Hypothalamic or pituitary causes of adrenal insufficiency are different from primary adrenal insufficiency in that adrenal mineralocorticoid production is retained and the ACTH level is low or suppressed, so electrolyte disturbance and skin pigmentation are uncommon. Patients may display other features of hypothalamic–pituitary disease including visual field defects; measurement of anterior pituitary hormones (thyroid stimulating hormone, free thyroxine, prolactin, luteinising hormone, follicle stimulating hormone, testosterone or oestradiol, growth hormone, insulin-like growth factor 1) and a pituitary MRI will help to form a diagnosis. Glucocorticoid but not mineralocorticoid replacement will be required in addition to targeted treatment of the specific aetiology.

For patients with low cortisol and ACTH levels but no evidence of hypothalamic–pituitary disease, exogenous glucocorticoid exposure should be suspected. Synthetic glucocorticoids such as prednisolone and dexamethasone are, respectively, incompletely or not detected by cortisol assays and therefore lead to a biochemical picture of adrenal insufficiency, sometimes with incongruent clinical symptoms and signs of cortisol excess rather than deficiency. True adrenal insufficiency often follows the withdrawal of glucocorticoids and can occur with any form of administration (oral, inhalation, topical, nasal, intra-articular), dose and treatment duration.20 It is important to be aware that dexamethasone and betamethasone (long-acting) are approximately 25 times more potent than hydrocortisone (short-acting), and more likely to suppress ACTH. Sometimes meticulous history-taking is needed to identify the glucocorticoid – herbal supplements, compounded medicines, skin-whitening creams and intra-lesional injections (eg for keloid scars) can all be culprits. Patients with unexplained symptoms after steroid withdrawal should be tested for possible adrenal insufficiency with the short Synacthen test. For those with an insufficient response, treatment should be initiated with physiological doses of hydrocortisone with a plan to wean and review endogenous adrenal function over the ensuing months.

A range of other medications can lead to a low cortisol level: opioids (morphine, fentanyl, tramadol and methadone) can suppress central ACTH production; immune checkpoint inhibitors (eg ipilimumab, pembrolizumab, nivolumab) can cause hypophysitis with isolated ACTH deficiency or even panhypopituitarism; other agents can block the steroidogenic pathway (eg abiraterone for prostate cancer treatment). For patients with low cortisol due to iatrogenic causes, referral to an endocrinologist for further evaluation is advisable.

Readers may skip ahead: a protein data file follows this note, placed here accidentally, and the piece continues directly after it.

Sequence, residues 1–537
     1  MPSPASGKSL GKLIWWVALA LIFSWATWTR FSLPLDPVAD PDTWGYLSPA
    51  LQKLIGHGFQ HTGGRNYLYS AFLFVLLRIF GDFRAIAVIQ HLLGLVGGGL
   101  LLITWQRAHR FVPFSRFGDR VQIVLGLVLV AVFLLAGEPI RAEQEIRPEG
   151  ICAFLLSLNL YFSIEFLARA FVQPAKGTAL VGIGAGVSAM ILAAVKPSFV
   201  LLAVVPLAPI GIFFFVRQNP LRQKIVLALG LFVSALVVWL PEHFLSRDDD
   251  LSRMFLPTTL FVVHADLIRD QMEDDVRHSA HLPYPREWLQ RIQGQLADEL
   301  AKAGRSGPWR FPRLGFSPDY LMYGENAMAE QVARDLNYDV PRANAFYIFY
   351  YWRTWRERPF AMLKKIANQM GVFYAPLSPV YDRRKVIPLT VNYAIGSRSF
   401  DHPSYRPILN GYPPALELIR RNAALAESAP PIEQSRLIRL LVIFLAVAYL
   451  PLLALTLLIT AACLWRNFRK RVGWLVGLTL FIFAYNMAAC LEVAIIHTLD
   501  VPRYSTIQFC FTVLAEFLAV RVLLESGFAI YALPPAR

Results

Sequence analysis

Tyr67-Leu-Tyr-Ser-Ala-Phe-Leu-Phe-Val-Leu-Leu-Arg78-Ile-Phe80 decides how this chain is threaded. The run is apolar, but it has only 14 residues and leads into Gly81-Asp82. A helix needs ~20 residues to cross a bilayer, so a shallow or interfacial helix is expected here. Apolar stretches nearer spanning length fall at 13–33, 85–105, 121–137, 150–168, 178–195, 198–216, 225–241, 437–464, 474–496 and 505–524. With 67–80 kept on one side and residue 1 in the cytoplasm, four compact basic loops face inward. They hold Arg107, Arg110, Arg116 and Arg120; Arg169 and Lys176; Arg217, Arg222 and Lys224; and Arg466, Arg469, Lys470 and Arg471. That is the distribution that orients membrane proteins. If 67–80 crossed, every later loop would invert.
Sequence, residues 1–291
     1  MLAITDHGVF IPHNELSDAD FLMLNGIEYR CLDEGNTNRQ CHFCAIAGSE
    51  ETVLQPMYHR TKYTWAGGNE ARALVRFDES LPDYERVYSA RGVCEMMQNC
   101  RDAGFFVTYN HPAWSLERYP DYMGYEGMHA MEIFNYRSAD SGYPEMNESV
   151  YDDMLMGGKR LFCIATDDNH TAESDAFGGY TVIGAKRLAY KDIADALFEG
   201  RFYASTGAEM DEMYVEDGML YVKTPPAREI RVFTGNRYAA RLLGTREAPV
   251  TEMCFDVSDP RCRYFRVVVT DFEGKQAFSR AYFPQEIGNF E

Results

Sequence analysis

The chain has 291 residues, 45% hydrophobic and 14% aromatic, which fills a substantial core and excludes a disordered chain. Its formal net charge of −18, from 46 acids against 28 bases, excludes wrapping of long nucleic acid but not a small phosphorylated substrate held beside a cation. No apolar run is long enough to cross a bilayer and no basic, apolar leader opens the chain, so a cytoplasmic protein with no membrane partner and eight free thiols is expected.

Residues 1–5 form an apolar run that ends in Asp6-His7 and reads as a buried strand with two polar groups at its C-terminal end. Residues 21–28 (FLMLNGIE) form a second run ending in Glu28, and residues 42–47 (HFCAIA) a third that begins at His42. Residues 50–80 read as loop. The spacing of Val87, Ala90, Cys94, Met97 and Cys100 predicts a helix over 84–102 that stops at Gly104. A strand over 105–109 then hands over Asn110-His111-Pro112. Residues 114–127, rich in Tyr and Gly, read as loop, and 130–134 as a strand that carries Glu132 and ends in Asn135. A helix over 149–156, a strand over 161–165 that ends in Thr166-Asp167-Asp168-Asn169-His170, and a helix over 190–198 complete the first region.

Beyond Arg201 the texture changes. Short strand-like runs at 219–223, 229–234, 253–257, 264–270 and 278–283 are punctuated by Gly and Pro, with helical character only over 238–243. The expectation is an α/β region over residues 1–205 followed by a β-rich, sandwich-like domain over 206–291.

Adrenal fatigue

The term ‘adrenal fatigue’ is often used in the general media to describe an alleged condition caused by chronic exposure to stressful situations that leads to adrenal ‘overuse’ and subsequent failure. However, ‘adrenal fatigue’ is not a recognised medical condition.21 Careful evaluation of fatigue is required to identify the underlying aetiology.


Although adrenal diseases that are less common tend to attract much of the focus in this area, a radical rethink is needed. Adrenal incidentaloma can be assessed expeditiously in general practice with a dedicated non-contrast CT scan, an ARR, plasma metanephrines if indicated and an overnight 1 mg dexamethasone suppression test. This approach will identify the majority of benign lesions and avoid unnecessary specialist referral and/or investigations. These authors’ work10 and that of others has established that primary aldosteronism is a common, treatable cause of hypertension that warrants screening in all patients with hypertension,2 preferably at diagnosis. Finally, adrenal insufficiency is a life-threatening condition with non-specific symptoms that requires a low threshold of suspicion for evaluation in general practice. Novel immune-modulatory medications and obscure sources of glucocorticoids are important iatrogenic causes of adrenal insufficiency and require careful evaluation.

Competing interests: None.
Provenance and peer review: Commissioned, externally peer reviewed.
Funding: None.
Correspondence to:
The authors wish to thank all the general practitioners who have contributed to their studies on the prevalence of primary aldosteronism in the community, and Dr Katrina O’Sullivan for her critical assessment of this review. The Hudson Institute is supported by the Victorian Government’s Operational Infrastructure Scheme.
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Adrenal gland neoplasmsAdrenal incidentalomaAdrenal insufficiencyAldosteroneCatecholaminesGeneral practiceGeneral practitionersGlucocorticoidsHydrocortisoneHyperaldosteronism